To one who has seldom given a thought to cavemen as a popular category, let alone to their proper scientific classification, last week’s news that they were painting pictures on cave walls more than 40,000 years ago required some intensive research on Wikipedia as well as an effort of the imagination. What does it mean [...]

Progressive Inhumanity, Part Three: Hatred of the Past

 I have long thought that the term “progressive” was a dodge, because no one could tell me exactly where we were supposed to be headed and why.  It seemed to me that the term was teleological but without a telos, as if someone were to practice archery without a target, or shoot a basketball without [...]

Russell Kirk on the Moral Imagination

In the franchise bookshops of the year of our Lord one thousand nine hundred eighty-one, the shelves are crowded with the prickly pears and the Dead Sea fruit of literary decadence. Yet no civilization rests forever content with literary boredom and literary violence. Once again, a conscience may speak to a conscience in the pages [...]

Christopher Dawson: Christ in History

The following essay first appeared in the April 1996 edition of Crisis Magazine. It is part of today's symposium on "the bourgeois spirit" as diagnosed by Dawson. See also Dawson's essay, Catholicism and the Bourgeois Mind, and Jeffrey Tucker's reply, In Defense of Bourgeois Civilization.   Dawson wrote with two different audiences in mind. He [...]

Hail, Sol Invictus!

Let’s imagine for a moment that Christmas had never happened and that the Roman Emperor Aurelian had succeeded in establishing the feast of Sol Invictus on December 25 back in the year 274 AD. Instead of Christmas, we would have had the Feast of the Unconquered Sun. At this time of year, just after the [...]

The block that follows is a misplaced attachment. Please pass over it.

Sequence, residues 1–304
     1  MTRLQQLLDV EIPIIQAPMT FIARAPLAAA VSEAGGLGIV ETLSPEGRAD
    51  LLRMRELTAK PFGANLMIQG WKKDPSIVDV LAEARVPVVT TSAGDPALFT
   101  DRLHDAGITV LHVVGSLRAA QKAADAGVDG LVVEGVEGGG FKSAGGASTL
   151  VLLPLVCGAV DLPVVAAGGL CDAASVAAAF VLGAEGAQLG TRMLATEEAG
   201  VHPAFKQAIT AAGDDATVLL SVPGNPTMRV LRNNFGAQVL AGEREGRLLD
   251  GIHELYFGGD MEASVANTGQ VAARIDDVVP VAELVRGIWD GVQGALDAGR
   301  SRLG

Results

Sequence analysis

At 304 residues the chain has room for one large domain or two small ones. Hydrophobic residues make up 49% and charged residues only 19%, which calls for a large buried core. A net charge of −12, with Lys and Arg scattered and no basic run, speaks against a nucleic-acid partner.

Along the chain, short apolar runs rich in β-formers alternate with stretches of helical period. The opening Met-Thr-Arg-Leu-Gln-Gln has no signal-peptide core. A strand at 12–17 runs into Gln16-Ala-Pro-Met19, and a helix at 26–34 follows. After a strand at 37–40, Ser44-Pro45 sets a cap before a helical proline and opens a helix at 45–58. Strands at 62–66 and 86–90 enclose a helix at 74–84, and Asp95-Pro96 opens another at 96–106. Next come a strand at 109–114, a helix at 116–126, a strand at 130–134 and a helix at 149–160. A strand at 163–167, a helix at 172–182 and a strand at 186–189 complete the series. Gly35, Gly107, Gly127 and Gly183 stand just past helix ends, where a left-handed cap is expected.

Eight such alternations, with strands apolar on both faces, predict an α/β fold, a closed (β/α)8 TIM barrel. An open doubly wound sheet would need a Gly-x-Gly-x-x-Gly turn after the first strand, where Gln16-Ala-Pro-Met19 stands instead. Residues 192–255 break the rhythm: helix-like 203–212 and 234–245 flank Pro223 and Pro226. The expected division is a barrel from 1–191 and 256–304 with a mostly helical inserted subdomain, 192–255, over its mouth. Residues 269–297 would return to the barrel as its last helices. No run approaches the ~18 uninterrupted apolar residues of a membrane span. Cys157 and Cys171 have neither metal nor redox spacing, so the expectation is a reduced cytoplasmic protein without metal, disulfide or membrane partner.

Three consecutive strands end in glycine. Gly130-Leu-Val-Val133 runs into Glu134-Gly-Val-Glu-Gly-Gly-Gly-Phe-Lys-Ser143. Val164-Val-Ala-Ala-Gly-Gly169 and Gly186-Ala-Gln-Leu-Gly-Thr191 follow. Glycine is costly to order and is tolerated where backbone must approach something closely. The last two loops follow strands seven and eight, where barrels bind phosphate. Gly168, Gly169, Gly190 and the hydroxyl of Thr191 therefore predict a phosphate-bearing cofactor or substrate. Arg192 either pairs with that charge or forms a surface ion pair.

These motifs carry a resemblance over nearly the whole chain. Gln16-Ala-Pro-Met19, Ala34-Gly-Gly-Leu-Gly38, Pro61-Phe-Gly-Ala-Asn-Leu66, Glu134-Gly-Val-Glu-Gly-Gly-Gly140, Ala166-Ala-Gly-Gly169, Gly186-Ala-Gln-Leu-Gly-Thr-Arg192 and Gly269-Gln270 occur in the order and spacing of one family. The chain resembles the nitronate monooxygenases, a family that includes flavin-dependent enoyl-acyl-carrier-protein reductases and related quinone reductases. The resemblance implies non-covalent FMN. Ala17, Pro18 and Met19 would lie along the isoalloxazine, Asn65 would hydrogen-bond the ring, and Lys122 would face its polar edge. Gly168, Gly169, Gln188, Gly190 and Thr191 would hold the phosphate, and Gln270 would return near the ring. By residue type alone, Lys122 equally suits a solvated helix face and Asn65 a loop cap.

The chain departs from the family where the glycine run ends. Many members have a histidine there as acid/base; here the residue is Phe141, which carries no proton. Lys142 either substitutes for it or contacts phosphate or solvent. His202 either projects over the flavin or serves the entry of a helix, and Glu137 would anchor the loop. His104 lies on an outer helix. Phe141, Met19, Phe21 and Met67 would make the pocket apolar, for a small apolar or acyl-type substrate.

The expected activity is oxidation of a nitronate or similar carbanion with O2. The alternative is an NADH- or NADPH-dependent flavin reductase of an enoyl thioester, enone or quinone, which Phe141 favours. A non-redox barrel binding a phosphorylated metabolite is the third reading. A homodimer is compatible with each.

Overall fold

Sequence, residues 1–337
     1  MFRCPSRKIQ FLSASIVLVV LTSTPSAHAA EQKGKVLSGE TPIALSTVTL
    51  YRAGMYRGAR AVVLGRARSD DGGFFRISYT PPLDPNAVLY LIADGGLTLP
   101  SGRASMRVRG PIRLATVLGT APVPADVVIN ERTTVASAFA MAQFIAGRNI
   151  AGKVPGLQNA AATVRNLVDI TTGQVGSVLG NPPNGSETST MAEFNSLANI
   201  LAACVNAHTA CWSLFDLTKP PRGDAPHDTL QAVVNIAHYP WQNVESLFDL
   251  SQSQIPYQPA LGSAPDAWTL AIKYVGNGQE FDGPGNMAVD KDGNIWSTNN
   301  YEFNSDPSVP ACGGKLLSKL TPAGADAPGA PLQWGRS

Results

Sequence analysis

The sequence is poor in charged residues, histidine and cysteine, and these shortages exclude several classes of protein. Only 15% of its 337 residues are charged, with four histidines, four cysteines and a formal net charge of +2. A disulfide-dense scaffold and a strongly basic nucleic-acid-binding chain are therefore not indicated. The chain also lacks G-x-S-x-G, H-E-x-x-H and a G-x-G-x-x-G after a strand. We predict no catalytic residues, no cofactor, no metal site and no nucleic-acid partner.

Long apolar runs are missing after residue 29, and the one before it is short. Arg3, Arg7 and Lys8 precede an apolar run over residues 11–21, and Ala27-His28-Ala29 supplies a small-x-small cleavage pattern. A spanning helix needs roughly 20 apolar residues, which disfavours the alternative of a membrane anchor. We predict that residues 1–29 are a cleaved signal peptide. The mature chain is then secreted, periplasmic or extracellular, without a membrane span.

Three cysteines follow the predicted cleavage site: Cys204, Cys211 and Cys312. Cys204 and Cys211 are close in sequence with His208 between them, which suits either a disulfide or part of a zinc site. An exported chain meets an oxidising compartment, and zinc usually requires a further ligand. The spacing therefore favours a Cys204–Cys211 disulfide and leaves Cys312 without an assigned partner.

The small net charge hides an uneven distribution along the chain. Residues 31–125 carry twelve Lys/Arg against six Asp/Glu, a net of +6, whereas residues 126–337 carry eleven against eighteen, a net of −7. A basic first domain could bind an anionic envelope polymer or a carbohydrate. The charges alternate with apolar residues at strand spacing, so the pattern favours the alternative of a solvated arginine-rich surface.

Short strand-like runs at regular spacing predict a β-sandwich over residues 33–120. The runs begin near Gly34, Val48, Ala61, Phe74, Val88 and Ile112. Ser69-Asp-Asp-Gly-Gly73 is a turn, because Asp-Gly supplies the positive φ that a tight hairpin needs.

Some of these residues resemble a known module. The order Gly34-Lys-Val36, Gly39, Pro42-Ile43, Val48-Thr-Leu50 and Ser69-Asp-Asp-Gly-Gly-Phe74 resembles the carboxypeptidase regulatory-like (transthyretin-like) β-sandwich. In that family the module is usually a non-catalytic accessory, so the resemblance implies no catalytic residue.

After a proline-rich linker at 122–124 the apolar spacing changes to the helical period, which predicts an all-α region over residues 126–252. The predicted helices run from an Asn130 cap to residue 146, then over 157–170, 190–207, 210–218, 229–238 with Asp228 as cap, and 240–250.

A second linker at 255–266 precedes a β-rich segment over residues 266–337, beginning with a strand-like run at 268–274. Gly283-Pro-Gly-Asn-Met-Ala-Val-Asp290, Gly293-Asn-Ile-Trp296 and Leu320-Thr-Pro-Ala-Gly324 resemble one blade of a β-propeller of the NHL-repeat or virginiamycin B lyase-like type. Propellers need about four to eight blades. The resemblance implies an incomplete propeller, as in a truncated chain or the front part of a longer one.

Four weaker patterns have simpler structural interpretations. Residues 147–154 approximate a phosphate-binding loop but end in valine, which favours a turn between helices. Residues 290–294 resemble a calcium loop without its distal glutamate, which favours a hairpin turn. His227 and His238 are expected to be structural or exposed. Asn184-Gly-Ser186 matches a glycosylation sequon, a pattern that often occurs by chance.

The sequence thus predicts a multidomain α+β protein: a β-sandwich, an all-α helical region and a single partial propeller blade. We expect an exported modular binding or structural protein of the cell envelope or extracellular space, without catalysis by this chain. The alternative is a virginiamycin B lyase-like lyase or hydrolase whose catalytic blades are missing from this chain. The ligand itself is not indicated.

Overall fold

Lessons of History?

  It used to be common for people to urge us to learn "the lessons of history." But history gets much less attention these days and, if there are any lessons that we are offered, they are more likely to be the lessons from current polls or the lessons of political correctness. Even among those [...]

Not Disruptive Enough

Our Posthuman Future: Consequences of the Biotechnology Revolution Francis Fukuyama; Farrar, Straus and Giroux; 272 pages; $25   Francis Fukuyama thinks big and always on the cutting edge. But he’s no windbag intellectual. He actually knows things; he works hard to master the political, economic, and scientific information required to support his breathtaking theoretical claims. [...]

1943: The Diplomats’ Battle

As Foreign Minister, and Viceroy of India before that, Lord Edward Halifax was the preferred choice of the Conservative Party and the King to succeed Chamberlain as Prime Minister, but he knew he was no match for Churchill and did not press his case. In this he showed an altruism which was commonly admired, notwithstanding [...]

A War Prevented: Pope John XXIII and the Cuban Missile Crisis

The Holy See is the oldest continuing international organization in the world. Its Secretary of State office was established in 1486, and that is also when its first permanent representatives were established in Venice, Spain, the Holy Roman Empire, and France. Today, the Holy See maintains diplomatic relations with 176 states. It is also the [...]

An American Tailgunner in “Hell”

“Just existing became what was important,” says 87-year-old Frank Kravetz of Pittsburgh, captive of the “hell-hole” that was Nuremberg Prison Camp. “Yet even as I struggled with the day-to-day sadness and despair, I never once had any regrets that I signed up to serve.” An extended tour of Nazi camps as a wounded POW scratching [...]

What’s So Great About Catholicism?

With its divine foundation, sanction, and mission, nothing could be more glorious than the Catholic Church. But, of course, many people — even many baptized Catholics — don't see it that way. Yet when the sins of men — secular material progress, or our own self-centeredness — blind us to this, they blind us to everything. The Renaissance, a [...]